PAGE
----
Make it responsive: Because a large portion of people view their inboxes on mobile devices, make sure your email is responsive. No one wants to pinch and squeeze the message and move it around to read your offering. If you are using a two-column format, make sure that the information will stack when viewed on mobile. When formatting content, think of the inverted pyramid or a zig-zag design.
Email ratios: Set your email program so you have responsive minimum size requirements. Small call-to-action buttons are hard to click on when viewed on a mobile device, so keep them no smaller than 150 pixels x 50 pixels. Remove the words “click here” and consider a better call-to-action word or phrase. Emails that are all images look nice, but can cause issues when recipients have images blocked or turned off, so keep your important information in the body of the message. Each industry has different standards for image-to-copy ratios, but a good starting point is 60% text and 40% image(s).
Subject lines: When writing subject lines, punctuation and superlatives matter. Pay attention to the details and research which words have more impact when crafting your subject line. Does your subject line warrant an emoji? 56% of brands that used emojis had a higher open rate. Keep your subject short and know your audience. Each generation may react differently to certain words based on how they communicate.
Add animation: Animated gifs can add visual interest to your email. However, note that this functionality is based on the end user and which email program or platform they are using. Companies using older versions of Outlook may not see the animation, while a user on a newer version can. Tracking data from your campaigns to help you determine details about your audience members’ email clients can guide you in what your recipients will see when they open your message. Is it mobile or desktop? Are they viewing on a web browser via webmail or are they downloading and viewing in Thunderbird or Outlook?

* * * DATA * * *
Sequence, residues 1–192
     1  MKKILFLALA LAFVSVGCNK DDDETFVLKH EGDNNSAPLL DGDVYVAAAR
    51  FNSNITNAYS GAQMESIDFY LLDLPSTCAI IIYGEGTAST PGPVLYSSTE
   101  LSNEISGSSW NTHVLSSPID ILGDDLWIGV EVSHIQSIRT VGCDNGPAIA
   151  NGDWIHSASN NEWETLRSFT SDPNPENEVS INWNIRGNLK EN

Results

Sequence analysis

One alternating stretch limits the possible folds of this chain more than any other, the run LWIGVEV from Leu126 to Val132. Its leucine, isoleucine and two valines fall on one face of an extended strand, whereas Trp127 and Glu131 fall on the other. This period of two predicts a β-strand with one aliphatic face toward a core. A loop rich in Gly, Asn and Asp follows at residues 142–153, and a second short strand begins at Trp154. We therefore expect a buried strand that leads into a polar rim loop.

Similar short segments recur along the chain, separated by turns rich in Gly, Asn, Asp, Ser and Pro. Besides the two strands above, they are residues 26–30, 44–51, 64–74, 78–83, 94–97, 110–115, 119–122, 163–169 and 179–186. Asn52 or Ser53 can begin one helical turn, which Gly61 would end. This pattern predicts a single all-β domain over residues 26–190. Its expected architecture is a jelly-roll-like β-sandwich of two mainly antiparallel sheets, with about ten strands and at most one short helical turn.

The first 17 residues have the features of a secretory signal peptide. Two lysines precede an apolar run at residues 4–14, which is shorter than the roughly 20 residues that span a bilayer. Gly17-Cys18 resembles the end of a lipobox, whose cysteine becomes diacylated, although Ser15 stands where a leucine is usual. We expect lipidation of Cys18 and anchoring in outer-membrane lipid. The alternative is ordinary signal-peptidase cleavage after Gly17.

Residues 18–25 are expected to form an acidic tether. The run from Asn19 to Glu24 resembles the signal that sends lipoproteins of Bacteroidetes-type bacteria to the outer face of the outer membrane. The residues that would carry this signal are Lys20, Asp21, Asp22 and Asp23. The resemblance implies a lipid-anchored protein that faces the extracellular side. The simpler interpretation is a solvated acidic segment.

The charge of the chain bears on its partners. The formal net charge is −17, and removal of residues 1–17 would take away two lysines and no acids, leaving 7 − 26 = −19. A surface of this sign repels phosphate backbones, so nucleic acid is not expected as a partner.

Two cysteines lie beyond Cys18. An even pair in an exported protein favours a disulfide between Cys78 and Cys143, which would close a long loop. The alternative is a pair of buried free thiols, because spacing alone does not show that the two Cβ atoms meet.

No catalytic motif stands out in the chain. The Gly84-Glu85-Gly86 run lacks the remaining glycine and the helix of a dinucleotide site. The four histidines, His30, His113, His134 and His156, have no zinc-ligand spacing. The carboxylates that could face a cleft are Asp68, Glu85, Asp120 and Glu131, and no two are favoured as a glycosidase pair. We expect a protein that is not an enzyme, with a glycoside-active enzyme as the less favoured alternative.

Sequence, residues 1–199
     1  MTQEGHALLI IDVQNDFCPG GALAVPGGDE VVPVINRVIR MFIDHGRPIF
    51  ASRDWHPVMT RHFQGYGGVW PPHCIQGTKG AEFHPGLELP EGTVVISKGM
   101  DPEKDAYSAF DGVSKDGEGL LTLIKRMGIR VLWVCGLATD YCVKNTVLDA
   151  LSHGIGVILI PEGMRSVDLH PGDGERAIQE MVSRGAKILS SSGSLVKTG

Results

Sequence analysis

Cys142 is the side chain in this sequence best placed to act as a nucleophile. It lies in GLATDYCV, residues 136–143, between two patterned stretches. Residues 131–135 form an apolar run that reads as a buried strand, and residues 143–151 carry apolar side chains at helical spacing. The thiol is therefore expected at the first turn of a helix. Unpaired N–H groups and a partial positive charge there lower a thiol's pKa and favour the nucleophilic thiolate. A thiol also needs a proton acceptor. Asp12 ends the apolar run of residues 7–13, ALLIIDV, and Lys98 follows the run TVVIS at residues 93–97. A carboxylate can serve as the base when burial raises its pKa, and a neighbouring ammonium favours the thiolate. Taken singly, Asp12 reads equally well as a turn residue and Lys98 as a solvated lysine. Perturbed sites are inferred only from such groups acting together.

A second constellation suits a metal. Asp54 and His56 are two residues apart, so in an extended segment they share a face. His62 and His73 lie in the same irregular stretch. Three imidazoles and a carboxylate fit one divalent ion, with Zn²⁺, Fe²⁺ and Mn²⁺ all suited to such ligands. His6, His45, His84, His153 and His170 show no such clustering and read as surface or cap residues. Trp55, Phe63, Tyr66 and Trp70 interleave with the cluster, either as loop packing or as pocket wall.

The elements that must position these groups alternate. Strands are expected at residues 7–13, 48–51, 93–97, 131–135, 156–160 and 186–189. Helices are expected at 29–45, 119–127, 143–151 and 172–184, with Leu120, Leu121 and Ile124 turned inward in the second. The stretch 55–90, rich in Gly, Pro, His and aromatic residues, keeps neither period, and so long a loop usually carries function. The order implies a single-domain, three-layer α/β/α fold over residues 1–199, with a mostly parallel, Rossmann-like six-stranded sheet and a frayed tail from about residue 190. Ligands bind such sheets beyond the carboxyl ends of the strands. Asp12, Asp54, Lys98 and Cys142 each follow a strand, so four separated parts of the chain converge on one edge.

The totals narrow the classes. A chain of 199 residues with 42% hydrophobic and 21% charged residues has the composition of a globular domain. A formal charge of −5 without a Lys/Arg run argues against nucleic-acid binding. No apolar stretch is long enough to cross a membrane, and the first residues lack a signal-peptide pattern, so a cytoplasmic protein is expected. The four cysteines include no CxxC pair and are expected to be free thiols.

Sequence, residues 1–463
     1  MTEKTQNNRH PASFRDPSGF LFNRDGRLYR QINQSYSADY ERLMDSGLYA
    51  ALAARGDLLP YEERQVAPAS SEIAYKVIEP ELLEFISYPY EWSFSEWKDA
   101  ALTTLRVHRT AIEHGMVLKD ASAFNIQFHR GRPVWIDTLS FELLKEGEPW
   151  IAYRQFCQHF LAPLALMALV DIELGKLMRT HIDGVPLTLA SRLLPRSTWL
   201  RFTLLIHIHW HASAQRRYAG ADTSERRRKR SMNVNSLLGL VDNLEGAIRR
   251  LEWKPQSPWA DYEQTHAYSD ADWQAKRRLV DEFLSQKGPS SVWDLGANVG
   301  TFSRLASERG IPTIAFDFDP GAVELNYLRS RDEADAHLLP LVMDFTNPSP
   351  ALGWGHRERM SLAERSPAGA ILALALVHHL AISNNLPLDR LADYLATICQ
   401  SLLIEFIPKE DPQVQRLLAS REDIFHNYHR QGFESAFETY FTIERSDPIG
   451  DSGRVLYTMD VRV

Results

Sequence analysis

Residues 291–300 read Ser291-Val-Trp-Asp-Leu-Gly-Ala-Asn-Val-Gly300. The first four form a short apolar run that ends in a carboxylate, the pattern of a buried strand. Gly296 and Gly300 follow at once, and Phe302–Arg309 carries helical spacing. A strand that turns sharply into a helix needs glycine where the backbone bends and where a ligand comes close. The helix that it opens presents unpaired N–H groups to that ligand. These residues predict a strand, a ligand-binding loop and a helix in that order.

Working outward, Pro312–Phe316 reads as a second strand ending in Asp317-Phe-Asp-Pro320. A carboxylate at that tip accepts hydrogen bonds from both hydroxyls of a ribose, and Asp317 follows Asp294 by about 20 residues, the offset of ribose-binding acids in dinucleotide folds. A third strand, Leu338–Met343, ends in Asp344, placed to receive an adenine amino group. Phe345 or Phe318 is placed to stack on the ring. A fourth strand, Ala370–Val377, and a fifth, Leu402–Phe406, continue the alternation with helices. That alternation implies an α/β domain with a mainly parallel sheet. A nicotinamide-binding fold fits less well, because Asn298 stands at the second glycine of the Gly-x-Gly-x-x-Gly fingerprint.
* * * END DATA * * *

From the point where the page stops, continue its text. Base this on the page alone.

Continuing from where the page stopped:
Data and Lists Are Everything
Have people opt-in: Your list should contain only those people whom you have done business with or who have opted in to receive emails from you. This will ensure that your company will not be reported for sending spam. Note that places like Canada and Europe have even stricter rules than the U.S., so make sure you are aware of how these rules can affect you. Spamming someone in one of these countries can have a large fine associated with it.
Segment your lists: It is important to collect as much data as you can about each person on your list. If your lists are B2B, do you have people tagged to receive the appropriate information? For example, sending an email about environmental issues to an individual who is only interested in financial information may result in them opting out of future emails. Detailed data is important so you can send the right message to the right individuals. Remember that it is not the size of your list that is important; it’s about the right content reaching the right people.
If used correctly, your email marketing can have a great impact and significant ROI, but email marketing is an investment. You have to gather data with every message sent to hone your messaging and maintain your lists.
Need guidance about getting your email marketing going in the right direction? Contact Alan E. Singles at email@example.com.